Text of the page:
US added 117,000 jobs in July; jobless rate drops to 9.1 percent

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WASHINGTON — A day after stocks plunged on concerns
about a weakening economy, the government released a
better-than-expected employment report showing that non-farm payrolls
rose by 117,000 jobs in July and the jobless rate ticked down slightly
to 9.1 percent.

The report sparked a quick morning rally on Wall
Street the day after the Dow Jones industrial average shed more than 500
points during a volatile day of trading. But the Dow’s surge of more
than 170 points in the first minute of trading was short lived, as the
index soon went negative, largely on fears of the impact of Europe’s
financial crisis.

Mark Zandi, chief economist for forecaster Moody’s
Analytics, said the jobs report “suggests that the economy will skirt
recession,” though it remained to be seen whether it would offer the
relief he said it should be to wary investors. “The better job number
was critical to quell the turmoil in financial markets and shore up
flagging confidence,” he said.

The brightest spot in the government report was
private-sector hiring. It came in at 154,000 jobs in July. But the
overall hiring number was dragged down by 37,000 lost government jobs,
most of it at the state and local level.

Health care, retail sales and manufacturing all
showed healthy hiring during July, respectively adding 31,300, 25,900
and 24,000 new jobs. The growth in manufacturing employment was a relief
because a key gauge of manufacturing activity released on Monday had
shown near-recession levels. The retail sales hiring is consistent with
the better-than-expected July sales numbers reported by major retailers.

The Bureau of Labor Statistics also revised upwards
its previous estimates for employment in June and May. June had come in
at a horrible 18,000 jobs. That was revised upwards Friday to 46,000,
still not great but better than first reported. Similarly, May’s numbers
had been revised down last month to a weak 25,000 but on Friday, based
on new incoming data, they were revised upward to 53,000.

More important were revisions to private-sector
hiring, which in May is now thought to have been 99,000 and in June
80,000. The jobs reports for both of those months were dragged down
again by government layoffs.

Friday’s jobs report showed the U.S. economy moving forward despite what have been some significant headwinds to growth.

“The economy is struggling but it is weathering the
storm created by higher oil prices, fallout from the Japanese quake, and
the hit to confidence from the debt ceiling spectacle,” Zandi said.

It still faces headwinds from Europe’s debt crisis,
which began with financial problems in Greece but has now spread to
worries about big economies such as Italy and Spain. The widening
problems across the Atlantic, and the seemingly inconsistent policy
messages from European leaders, are weighing heavily on global financial
markets.

These fears drove U.S. stock indices back down into negative territory within 90 minutes of the open.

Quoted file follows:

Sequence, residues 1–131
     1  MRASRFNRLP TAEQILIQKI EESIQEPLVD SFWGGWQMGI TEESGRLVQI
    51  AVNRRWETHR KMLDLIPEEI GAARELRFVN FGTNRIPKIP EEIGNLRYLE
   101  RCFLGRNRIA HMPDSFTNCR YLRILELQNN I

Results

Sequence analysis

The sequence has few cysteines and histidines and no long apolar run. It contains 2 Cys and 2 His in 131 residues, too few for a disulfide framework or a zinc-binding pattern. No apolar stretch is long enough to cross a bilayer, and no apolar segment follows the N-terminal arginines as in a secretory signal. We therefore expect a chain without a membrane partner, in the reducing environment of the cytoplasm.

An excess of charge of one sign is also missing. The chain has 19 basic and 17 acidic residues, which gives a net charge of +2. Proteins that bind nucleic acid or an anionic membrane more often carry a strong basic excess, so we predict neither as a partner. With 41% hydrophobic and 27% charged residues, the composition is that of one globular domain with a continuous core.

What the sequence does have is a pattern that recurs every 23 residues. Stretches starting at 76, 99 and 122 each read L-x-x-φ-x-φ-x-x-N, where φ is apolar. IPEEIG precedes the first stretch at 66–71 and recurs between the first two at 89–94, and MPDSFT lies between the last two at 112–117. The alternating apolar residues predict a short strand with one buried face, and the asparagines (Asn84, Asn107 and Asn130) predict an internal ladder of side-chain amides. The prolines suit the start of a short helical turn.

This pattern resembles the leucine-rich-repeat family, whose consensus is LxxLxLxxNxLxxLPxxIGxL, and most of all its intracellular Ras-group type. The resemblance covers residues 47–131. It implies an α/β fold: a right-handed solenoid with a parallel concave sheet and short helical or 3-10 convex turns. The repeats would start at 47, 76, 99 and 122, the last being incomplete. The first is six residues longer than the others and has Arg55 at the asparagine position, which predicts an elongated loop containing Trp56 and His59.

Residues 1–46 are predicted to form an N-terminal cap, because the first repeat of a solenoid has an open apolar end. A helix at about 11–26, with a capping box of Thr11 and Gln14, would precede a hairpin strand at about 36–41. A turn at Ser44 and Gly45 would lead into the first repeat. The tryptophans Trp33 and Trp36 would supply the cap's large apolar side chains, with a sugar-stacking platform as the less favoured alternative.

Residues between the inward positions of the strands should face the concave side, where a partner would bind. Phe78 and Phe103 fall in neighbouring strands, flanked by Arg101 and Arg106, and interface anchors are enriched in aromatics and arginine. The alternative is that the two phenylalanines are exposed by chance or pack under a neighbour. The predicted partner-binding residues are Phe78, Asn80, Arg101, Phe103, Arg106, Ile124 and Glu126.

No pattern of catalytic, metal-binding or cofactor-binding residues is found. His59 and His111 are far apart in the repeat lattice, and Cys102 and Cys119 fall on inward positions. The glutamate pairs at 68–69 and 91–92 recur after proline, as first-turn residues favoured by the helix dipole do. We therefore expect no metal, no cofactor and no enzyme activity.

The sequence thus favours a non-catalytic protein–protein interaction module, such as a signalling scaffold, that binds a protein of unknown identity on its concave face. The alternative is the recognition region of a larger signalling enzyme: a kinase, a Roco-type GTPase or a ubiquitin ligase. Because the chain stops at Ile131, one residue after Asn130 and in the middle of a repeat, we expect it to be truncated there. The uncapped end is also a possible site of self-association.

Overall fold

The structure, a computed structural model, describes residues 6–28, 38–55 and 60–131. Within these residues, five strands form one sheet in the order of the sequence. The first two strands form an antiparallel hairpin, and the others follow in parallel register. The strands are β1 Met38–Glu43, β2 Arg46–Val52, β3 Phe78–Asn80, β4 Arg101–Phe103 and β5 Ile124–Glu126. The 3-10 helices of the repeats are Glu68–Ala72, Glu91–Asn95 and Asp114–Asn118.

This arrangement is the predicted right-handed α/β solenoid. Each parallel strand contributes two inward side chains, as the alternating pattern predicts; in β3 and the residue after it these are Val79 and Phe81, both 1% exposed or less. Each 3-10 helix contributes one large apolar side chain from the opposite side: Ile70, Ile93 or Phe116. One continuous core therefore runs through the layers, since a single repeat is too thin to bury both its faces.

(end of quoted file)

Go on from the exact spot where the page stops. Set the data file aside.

There was still plenty of hurt in Friday’s jobs
report. The BLS reported that the number of persons unemployed for less
than five weeks fell by 387,000 but that just offset the similar
increase during the prior month. More importantly, the number of
long-term unemployed — Americans who’ve been jobless for 27 weeks or
more — was 6.2 million in July, virtually unchanged from the previous
month. The long-term unemployed still account for 44.4 percent of all of
the jobless.

Under the debt ceiling deal reached by Congress this
week, there was nothing to indicate that benefits for the long-term
unemployed would be extended. That could push millions of the long-term
jobless onto public assistance programs in their states, during a time
when state governments are slashing their budgets and laying off
workers.

Speaking on CNBC television Friday morning, House
Majority Leader Eric Cantor, R-Va., said his party has no interest in
extending benefits any further and would focus on creating jobs — a goal
of both parties that has proven illusive in the aftermath of the Great
Recession.

The White House welcomed the surprisingly good
report, but didn’t run a victory lap. On his final day on the job,
Austan Goolsbee, head of the Council of Economic Advisers, called on
Congress to take steps soon to help push employment.

“Bipartisan action is needed to help the private
sector and the economy grow — such as measures to extend both the
payroll tax cut and unemployment insurance, as well as passing the
pending free trade agreements with re-employment assistance for
displaced workers, the patent reform bill, and a bipartisan
infrastructure bill to help put Americans back to work,” he said in a
statement.

JULY BY THE NUMBERS:

—Retail, up 25,900

—Professional and business services, up 34,000

—Leisure and hospitality, up 17,000

—Health care, up 31,300

—Manufacturing, up 24,000

—Construction, up 8,000

—Transportation and warehousing, up 1,100

—Financial services, down 4,000

—Temporary help services, up 300

—Government jobs, down 37,000

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(c) 2011, McClatchy-Tribune Information Services.

Visit the McClatchy Washington Bureau on the World Wide Web at www.mcclatchydc.com.

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